That applies equally to the vehicles themselves and the huge amount of tools and equipment in my workshop.

I use Forums for my Boat, Land Rover, and mostly my old Ducati motorcycles.
There are obviously people on the forums you meet locally and get to know which are not only decent people but are similar minded with respect to interests.

Apart from the people on the forums I don't actually have friends with similar interests, in truth I have very few anyway, so was overly concerned about this.

So I now have a list that can be used in the event of something happening to me.
It's the contact details for a couple of people from each Forum that I've contacted, explained the situation to, and they've agreed to help Lady Nasher or my Boys with advise etc should they need it.

All of them have thought about it and asked me to reciprocate the favour.

So, I now know that if I do not get home one day Lady Nasher will be well advised, and won't sell my toys for what I told her I paid for them.

At some point, when I'm unable to do everything I currently do I will start to reduce the size of the impending problem myself via Ebay, but until then I know I'm covered due to the kindness of others.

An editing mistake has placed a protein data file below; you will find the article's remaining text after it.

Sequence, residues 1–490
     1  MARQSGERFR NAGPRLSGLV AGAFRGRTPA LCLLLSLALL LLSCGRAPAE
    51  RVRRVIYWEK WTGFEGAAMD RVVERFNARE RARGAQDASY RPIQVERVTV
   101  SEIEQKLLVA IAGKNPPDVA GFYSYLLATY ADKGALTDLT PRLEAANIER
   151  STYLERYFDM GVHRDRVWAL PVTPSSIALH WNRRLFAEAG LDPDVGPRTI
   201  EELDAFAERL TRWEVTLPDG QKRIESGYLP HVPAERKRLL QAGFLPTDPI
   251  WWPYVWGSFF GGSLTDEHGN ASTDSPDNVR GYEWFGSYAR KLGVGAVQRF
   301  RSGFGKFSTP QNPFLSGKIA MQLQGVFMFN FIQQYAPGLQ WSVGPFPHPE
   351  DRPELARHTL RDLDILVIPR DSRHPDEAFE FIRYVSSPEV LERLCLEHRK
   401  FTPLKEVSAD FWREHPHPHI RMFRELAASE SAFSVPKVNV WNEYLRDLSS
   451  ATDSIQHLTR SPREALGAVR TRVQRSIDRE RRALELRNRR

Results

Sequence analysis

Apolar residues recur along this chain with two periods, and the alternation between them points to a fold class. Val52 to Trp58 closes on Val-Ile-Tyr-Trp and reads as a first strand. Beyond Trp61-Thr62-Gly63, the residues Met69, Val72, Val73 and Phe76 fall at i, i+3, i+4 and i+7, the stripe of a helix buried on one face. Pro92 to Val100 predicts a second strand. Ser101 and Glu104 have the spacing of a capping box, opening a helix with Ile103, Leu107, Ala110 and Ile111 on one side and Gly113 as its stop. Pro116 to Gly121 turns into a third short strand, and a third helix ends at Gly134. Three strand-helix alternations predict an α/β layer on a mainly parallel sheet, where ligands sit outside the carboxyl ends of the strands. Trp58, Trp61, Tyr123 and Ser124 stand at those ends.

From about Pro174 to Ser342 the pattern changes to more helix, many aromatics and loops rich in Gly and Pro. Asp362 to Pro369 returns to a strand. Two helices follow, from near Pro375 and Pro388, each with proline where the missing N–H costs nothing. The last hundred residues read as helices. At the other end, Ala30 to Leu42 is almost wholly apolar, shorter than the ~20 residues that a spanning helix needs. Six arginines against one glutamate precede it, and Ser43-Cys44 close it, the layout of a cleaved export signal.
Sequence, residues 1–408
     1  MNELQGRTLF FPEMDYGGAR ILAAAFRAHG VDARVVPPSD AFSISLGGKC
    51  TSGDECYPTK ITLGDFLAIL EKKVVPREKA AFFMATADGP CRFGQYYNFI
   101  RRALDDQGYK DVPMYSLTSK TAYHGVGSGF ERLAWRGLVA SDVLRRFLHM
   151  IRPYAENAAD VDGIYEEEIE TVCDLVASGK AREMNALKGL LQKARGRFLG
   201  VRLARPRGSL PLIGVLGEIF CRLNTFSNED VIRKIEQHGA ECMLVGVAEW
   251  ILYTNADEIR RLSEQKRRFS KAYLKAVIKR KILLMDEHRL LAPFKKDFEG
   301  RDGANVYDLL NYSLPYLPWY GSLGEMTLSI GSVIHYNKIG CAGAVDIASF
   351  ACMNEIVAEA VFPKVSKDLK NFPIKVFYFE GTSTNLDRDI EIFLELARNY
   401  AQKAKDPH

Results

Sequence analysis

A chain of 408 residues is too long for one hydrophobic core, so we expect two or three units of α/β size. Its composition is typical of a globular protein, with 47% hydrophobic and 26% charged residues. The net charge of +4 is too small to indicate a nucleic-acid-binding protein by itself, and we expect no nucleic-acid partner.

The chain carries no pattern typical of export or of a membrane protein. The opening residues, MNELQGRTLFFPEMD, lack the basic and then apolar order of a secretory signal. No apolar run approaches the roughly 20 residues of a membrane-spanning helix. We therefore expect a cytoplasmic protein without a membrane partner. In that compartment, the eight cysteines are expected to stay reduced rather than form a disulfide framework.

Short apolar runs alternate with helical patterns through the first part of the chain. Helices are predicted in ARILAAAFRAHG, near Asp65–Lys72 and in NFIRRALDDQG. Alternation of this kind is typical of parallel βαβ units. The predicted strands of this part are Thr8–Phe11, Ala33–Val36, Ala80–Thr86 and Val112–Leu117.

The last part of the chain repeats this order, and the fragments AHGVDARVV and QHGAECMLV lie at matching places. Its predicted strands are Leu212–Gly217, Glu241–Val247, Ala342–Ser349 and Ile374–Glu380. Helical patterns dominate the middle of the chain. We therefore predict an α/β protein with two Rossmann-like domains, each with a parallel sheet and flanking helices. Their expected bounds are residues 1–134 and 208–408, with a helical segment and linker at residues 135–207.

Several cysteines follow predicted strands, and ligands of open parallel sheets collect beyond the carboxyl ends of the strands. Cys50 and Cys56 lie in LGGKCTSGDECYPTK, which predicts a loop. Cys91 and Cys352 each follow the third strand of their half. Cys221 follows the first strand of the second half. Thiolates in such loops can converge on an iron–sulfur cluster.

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Old 05 October 2021, 08:40   #4
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Speaking of which, Iím on the lookout for a smallish milling machine, Tom Senior /Centec e.g. preferably British ďEmpire BuiltĒ not a modern Far East import.
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Old 05 October 2021, 11:03   #5
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Iíve been through this one, after cancer we decided to retire to a marina house on the IOW. This meant giving up my 20x10 foot workshop including my dadís old belt driven lathe and pretty much all of my tools.
I got good money for the lathe and gave absolutely everything else away, unfortunately quite a lot to people who wouldnít have a clue what to do with any of it.
I destroyed and binned my chainsaw and even threw out my old Oxford arc welder as I donít know anyone else who knows how to use one and we were in a hurry.
I did manage to sort out 3 nephews with complete tool kits but after that I should probably have done a free for all on here!
No milling machine though, it can all be done on a lathe!
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Old 05 October 2021, 11:50   #6
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Ö.
No milling machine though, it can all be done on a lathe!


Aye,I do a fair bit on the lathe, fine for small stuff, but the larger table would come in handy now & then. Iím using a Myford, so a bit limited.
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Old 05 October 2021, 12:18   #7
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I'm with Fenlander on this one........... "To me the value is in their use while I'm alive so I have no real worries of their future after that point".............

My kids or their partners aren't interested at all. They would sooner pay for someone else to fix or do or buy new.